Photo Credit: West Yorkshire Playhouse
"Once upon a time there was a girl. And then there wasn't."
Pronoun was on during the National Theatre Connections Festival of Plays performed by Youth Theatres and schools. Young people have an opportunity to create and perform plays on stage. The West Yorkshire Playhouse hosted one of the festivals during May. I had the opportunity to see Evan Placey's Pronoun which was part of NT Connections and performed by the West Yorkshire Playhouse Youth Theatre under the direction of Gemma Woffinden. The modern play explores the romantic relationship between Josh and Isabella, who are childhood sweethearts, and their future plans. Only that Isabella is now Dean.
Pronoun explores challenges and journeys faced by young trans people who since coming out or who haven't yet come out. The play was performed in a story telling format by the characters who shared their thoughts and feelings and the challenges one faces supporting Dean. Dean (played by Beth Knight) told his story about his gender transition and its challenges he faced in his life. The motions were convincingly applied such as the passing, binding and backing reflecting his preferred gender.
Dean's Mum (played by Jack Silkstone) and Dad (played by Catherine Hawthorn) told their story about the little girl and what she has now become. The cross dressing of both the parents reminds us the story's contextual themes. It's inadvertently felt they were trying to their best to come to terms and understand Dean's gender identity from the research they have done on the matter.
Josh (played by Liam Roberts) expressed his struggles accepting Isabella as Dean and emotively expressed his mixed feelings about Dean's trans journey. His optimism, however, remained steadfast with the dream of travelling together during their gap years.
Dean aspired to James Dean (played by Ryan Quarmby), an imaginary mentor, whose encouragement and beliefs for Dean to become who he really is. A wide range of issues were explored in Pronoun such as Dean's wish to be accepted and loved in society for who he is and not for people to 'tolerate' him because they're statutory obliged to, according to the speech he made at the college. Gender identity and sexuality are subjects which society are not used to dealing with even if there is increased awareness now than ever before.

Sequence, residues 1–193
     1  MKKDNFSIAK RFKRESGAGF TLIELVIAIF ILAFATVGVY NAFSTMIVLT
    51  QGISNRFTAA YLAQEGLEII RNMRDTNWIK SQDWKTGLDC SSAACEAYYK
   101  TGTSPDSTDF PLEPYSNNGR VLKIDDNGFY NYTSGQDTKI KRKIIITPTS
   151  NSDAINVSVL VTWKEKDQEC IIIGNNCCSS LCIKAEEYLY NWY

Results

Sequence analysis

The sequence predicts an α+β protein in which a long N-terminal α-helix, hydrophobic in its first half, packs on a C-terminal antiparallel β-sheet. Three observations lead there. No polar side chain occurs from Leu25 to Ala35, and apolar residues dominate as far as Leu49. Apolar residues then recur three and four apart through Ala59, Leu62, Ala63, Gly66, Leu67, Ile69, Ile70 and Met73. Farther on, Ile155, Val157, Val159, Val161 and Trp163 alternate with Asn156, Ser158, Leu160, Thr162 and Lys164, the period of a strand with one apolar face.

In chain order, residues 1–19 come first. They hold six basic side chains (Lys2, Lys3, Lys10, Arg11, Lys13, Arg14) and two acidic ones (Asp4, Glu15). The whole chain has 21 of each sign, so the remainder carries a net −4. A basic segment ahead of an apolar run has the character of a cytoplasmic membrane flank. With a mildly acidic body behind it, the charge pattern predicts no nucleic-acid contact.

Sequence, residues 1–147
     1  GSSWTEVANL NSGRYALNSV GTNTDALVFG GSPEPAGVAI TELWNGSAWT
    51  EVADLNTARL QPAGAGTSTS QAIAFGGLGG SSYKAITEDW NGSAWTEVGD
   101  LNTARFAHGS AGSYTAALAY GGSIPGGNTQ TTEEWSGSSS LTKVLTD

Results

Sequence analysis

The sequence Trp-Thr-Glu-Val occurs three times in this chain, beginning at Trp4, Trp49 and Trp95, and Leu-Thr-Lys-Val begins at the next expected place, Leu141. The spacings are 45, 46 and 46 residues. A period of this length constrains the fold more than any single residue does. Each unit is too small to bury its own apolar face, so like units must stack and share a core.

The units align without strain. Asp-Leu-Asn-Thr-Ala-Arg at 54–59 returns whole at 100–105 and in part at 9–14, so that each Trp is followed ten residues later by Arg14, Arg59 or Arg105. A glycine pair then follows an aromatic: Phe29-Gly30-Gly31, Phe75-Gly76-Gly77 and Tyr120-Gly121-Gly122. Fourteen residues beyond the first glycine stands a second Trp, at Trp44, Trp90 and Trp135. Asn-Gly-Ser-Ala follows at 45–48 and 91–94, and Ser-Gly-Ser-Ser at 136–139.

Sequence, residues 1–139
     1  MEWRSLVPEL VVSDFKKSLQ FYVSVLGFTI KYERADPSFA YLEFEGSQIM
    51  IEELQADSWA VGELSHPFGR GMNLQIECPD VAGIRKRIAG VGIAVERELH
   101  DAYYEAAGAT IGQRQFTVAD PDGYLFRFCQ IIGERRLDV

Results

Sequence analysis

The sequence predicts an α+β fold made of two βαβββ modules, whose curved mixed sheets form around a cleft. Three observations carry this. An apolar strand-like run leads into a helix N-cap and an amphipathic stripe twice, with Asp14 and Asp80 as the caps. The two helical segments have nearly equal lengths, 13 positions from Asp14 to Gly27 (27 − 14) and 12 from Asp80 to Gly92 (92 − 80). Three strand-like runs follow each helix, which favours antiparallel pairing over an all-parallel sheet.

There are the emotions young trans people face especially the 'conventional' social pressures young people face which can lead to mental health issues and loneliness. It's such a brave journey trans people goes through as the transition from coming out which can be a long process and the mental and emotional feelings they go through in order to be rightly identified for who they really are. Dean expressed his frustration in the play, 'Conceal for what I'm not?'.
The play will hopefully raise the awareness of the trans communities including the young trans people. It's an excellent and very moving play written sensitively by Evan Placey and directed successfully by Gemma Woffenden which raises the crucial awareness of sexuality including transgender.
As Dean (Played by Beth Knight) stated that stories do have a happy ending indicating hope and optimism for the future. There are some locals groups which are working very hard in supporting awareness and celebrating the positives in order for trans people to have fulfilling lives without hindrance.
A big thanks to the very talented cast of West Yorkshire Playhouse Youth Group and creative team members including Daz Kershaw (Stage Manager), Matt Young and Paul Lovett (Lighting), Martin Pickersgill and Sam Mulligan (Sound). One's biggest wish is the production be repeated as the raised messages are very important in society today.